On this page you will find information about all kinds of food allergy, including nut allergy, egg allergy, milk allergy and allergy to sesame and other seeds. You can also find information about lactose intolerance, reactions to wheat and irritable bowel syndrome (IBS). We have factsheets available to help you work out whether you have a food allergy or intolerance and we can also provide support when it comes to identifying your food intolerance. You can find all of our factsheets at the bottom of this page.
What is Food Allergy?
Food allergy is caused when the body mistakenly makes an antibody (IgE) to 'fight off' a specific food. When the food is next eaten (or sometimes is just in contact with the skin) it triggers an immune system response which results in the release of histamine and other substances in the body.
These cause various symptoms, depending on where in the body they are released. Very rarely the immune system chemicals are released throughout the body, causing a 'systemic' reaction (such as anaphylaxis).
What Could I Be Allergic To?
You can be allergic to any food substance. Some of the more common food allergies are peanut allergy; tree nut allergy; egg allergy; milk allergy (dairy allergy); wheat allergy; fish allergy; soya allergy and sesame allergy. Some people also suffer from alcohol allergy, mustard allergy and fruit and veg allergy.
What Are the Symptoms of Food Allergy?
Normally food allergy symptoms appear within a few minutes of eating the offending food, although they may be delayed by up to a couple of hours. The symptoms are usually those of 'classic' allergy, some of which are listed below:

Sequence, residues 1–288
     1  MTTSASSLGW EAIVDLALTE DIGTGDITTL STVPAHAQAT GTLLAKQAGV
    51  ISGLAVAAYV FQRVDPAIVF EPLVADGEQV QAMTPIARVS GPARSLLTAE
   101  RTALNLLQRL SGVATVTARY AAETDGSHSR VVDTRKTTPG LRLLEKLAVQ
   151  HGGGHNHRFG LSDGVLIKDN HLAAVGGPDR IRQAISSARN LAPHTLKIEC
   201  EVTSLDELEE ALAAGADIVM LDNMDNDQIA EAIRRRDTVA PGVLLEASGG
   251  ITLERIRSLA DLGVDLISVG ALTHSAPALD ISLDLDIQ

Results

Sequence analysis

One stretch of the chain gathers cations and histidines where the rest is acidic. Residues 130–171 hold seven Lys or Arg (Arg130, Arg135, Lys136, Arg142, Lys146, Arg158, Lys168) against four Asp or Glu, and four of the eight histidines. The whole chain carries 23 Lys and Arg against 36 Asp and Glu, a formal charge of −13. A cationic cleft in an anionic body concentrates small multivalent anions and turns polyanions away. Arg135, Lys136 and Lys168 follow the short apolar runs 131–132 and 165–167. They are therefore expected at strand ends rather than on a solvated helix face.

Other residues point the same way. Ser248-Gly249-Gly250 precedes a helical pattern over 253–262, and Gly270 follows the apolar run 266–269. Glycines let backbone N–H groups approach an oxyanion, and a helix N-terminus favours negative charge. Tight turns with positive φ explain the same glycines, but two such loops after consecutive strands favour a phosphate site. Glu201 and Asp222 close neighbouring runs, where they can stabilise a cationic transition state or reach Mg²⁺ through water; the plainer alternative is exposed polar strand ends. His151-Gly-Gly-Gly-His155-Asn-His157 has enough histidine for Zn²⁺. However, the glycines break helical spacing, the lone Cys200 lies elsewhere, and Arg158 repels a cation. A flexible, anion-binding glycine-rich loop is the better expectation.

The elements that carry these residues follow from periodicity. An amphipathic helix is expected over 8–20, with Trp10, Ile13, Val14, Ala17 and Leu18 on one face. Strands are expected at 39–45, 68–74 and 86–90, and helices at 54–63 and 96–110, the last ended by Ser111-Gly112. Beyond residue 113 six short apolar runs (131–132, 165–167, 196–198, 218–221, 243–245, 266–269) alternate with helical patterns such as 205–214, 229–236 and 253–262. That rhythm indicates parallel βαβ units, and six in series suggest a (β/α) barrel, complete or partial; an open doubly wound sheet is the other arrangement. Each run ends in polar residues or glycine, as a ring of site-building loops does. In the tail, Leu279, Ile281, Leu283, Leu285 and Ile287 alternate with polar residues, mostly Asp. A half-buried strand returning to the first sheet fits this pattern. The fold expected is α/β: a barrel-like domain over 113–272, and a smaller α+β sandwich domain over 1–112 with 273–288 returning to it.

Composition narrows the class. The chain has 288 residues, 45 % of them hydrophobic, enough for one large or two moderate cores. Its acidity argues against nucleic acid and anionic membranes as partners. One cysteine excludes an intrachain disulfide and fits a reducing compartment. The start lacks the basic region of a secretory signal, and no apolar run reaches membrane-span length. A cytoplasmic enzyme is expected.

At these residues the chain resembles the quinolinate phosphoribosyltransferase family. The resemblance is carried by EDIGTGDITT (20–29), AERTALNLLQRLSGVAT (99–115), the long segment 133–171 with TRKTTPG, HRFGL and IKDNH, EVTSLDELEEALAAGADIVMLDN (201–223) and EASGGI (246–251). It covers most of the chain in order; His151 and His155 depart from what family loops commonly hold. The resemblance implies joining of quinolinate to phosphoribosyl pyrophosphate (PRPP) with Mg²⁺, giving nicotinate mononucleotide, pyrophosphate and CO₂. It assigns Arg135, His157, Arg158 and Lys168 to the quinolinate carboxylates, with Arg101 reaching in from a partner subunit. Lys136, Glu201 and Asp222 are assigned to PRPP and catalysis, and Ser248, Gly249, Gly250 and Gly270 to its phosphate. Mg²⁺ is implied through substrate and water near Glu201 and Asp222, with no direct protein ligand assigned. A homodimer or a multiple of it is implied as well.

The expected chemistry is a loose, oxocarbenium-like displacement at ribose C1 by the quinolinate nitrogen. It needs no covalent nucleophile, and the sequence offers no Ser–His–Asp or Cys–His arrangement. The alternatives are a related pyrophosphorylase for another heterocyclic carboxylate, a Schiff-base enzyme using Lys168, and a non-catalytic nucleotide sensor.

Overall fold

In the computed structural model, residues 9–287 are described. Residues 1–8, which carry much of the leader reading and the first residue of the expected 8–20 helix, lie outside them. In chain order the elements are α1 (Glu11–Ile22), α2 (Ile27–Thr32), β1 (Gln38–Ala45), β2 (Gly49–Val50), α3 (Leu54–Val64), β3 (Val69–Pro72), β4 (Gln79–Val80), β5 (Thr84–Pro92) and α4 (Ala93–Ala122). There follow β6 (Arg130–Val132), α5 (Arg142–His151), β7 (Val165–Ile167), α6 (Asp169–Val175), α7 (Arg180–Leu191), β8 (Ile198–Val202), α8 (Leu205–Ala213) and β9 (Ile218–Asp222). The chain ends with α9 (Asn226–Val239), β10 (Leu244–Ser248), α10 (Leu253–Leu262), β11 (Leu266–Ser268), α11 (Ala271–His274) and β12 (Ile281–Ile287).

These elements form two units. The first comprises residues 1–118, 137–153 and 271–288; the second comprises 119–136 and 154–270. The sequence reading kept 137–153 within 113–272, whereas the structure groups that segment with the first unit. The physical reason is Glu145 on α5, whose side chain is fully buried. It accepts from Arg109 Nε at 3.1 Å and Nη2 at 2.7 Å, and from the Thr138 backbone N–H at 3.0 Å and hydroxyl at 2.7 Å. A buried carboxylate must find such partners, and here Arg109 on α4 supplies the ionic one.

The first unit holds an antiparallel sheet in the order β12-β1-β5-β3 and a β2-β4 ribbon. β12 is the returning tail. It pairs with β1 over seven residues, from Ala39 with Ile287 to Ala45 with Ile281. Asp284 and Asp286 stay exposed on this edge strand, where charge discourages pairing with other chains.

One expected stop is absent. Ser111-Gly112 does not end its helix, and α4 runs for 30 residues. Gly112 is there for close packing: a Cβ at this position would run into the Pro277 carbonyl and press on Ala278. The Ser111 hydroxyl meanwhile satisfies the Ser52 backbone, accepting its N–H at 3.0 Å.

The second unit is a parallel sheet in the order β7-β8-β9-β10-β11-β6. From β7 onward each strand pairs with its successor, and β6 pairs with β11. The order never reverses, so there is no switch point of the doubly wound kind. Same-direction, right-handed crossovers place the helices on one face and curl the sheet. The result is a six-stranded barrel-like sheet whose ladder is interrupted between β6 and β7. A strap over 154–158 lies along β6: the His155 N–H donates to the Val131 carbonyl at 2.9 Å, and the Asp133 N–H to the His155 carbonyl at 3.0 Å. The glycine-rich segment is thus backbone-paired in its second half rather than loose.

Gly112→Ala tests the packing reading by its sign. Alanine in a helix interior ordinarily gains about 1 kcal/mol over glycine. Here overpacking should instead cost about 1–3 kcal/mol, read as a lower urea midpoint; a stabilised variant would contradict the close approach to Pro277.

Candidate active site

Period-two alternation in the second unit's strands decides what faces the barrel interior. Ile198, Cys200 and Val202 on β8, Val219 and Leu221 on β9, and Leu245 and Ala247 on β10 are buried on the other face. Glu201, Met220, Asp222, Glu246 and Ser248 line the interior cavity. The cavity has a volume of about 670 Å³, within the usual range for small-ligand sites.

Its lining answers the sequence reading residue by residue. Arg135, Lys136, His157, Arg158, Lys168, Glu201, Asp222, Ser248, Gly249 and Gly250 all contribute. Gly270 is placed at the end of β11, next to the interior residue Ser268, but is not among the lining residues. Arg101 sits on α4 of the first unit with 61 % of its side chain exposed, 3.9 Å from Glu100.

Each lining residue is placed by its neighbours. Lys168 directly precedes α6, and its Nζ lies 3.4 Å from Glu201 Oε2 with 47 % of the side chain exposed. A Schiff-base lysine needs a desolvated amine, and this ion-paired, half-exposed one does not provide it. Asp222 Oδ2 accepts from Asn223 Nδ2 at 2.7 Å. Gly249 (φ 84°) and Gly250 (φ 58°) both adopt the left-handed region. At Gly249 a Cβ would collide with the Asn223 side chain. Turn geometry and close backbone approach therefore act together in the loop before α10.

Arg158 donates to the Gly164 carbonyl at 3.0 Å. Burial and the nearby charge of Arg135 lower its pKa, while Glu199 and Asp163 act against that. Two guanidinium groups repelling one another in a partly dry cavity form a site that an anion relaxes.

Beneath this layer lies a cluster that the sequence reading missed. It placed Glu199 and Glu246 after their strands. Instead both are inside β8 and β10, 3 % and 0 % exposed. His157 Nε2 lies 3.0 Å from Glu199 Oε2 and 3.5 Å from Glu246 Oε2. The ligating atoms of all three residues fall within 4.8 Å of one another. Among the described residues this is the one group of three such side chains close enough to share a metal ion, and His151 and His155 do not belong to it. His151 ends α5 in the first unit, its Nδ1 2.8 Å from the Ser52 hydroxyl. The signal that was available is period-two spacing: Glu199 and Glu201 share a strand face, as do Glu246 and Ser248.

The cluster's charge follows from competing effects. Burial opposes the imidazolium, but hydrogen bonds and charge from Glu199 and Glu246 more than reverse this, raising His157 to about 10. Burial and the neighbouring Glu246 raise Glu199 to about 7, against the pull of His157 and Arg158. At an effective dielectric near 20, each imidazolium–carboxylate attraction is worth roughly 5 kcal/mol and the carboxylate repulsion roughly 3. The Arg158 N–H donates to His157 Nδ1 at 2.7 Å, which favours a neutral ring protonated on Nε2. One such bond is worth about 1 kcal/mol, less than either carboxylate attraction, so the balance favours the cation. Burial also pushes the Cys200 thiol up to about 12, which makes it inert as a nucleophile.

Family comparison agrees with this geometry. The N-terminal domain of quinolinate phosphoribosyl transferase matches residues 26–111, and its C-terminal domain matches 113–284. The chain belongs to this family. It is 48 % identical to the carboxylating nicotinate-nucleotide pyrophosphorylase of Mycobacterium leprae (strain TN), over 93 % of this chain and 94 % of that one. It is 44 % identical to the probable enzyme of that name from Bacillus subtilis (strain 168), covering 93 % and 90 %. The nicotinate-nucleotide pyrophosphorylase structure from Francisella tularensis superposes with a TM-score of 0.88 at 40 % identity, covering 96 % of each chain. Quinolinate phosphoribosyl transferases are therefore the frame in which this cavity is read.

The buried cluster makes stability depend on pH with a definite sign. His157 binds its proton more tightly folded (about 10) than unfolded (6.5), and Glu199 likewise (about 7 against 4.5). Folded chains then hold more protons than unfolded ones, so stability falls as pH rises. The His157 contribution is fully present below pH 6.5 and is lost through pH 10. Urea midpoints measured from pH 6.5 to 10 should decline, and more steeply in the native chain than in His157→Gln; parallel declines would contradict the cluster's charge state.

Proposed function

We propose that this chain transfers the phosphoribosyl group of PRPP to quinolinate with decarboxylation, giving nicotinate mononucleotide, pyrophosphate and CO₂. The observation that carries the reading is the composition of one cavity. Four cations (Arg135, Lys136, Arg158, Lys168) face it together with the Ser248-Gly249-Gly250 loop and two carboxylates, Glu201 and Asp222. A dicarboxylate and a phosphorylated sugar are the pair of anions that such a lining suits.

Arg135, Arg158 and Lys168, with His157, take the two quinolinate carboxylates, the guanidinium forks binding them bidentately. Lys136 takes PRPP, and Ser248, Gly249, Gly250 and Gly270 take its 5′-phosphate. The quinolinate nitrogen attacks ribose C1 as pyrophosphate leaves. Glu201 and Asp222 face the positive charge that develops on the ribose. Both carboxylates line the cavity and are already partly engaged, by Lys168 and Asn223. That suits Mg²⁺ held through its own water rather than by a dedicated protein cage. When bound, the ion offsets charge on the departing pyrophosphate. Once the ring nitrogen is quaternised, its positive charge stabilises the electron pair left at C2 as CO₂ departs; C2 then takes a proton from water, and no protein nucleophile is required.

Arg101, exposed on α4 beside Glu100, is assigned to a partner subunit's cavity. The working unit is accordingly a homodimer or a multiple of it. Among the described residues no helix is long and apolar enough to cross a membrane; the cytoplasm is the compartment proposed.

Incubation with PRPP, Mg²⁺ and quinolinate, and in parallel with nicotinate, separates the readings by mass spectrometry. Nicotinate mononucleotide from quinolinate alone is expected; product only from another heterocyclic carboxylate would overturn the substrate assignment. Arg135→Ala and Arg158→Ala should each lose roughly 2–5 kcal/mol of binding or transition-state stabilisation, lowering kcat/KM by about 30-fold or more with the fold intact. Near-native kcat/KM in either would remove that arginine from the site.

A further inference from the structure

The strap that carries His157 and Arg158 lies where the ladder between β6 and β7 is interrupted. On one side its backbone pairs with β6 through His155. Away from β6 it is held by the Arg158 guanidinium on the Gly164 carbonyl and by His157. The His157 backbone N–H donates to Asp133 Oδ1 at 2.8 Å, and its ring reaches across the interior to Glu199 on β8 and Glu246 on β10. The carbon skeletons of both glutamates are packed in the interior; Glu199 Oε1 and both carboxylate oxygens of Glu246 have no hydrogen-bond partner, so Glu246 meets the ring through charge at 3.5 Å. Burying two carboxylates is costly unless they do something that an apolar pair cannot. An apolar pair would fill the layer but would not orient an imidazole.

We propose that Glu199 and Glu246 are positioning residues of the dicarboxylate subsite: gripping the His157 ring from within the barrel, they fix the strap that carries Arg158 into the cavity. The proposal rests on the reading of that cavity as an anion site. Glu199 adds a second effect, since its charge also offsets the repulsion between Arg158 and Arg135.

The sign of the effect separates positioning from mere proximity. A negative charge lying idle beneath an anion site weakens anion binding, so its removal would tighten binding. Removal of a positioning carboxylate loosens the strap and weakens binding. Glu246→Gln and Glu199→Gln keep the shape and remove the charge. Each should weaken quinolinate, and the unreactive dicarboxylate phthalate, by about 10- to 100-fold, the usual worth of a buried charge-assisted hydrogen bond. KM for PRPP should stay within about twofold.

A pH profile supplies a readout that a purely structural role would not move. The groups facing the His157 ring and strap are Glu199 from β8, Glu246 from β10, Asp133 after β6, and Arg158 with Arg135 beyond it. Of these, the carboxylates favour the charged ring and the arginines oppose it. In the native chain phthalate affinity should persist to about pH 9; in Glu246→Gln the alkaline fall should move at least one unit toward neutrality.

- Abdominal pain
- Swelling (rash or nettle rash)
- Runny nose
At the bottom of this page you will find our downloadable Food and Symptoms Diary. Use this to track your symptoms to discuss with your GP.
What Is the Difference Between Food Allergy and Intolerance?
Food allergy is quite uncommon and normally causes symptoms within a few minutes of eating the offending food or being in contact with the relevant substance. Food intolerance (non-allergic hypersensitivity) is much more common. The onset of symptoms is usually slower and may be delayed by many hours after eating the offending food; the symptoms may also last for many hours, even into the next day. Some common food intolerances include lactose intolerance; gluten intolerance and histamine intolerance.
You can find more information about the differences in our downloadable Food Allergy or Food Intolerance? Factsheet.
What Are the Top 14 Food Allergens in the UK?
There are 14 major allergens which need to be mentioned (either on a label or through provided information such as menus) when they are used as ingredients in a food product or meal.
The top 14 allergens are: Celery; Cereals containing gluten; Crustaceans; Eggs; Fish; Lupin; Milk; Molluscs; Mustard; Nuts; Peanuts; Sesame seeds; Soya and Sulphur dioxide (sometimes known as sulphites).
If you are travelling abroad with a food allergy, then you may want to use our Translation Card service for peace of mind when eating out. Click here for more information.
How Can I Manage Food Allergy?
You can find a whole host of useful tips on management and avoidance on our relevant factsheets below but there are 3 key things to be on top of when it comes to managing a food allergy:
- Identify and avoid the cause (if possible)
- Recognise the symptoms of an allergic reaction by keeping a food diary
- Know what to do if it happens again
For more detailed information about food allergy, allergy medications, or for more useful tips on management and advice on shopping and cooking for a restricted diet, please find further useful resources below…
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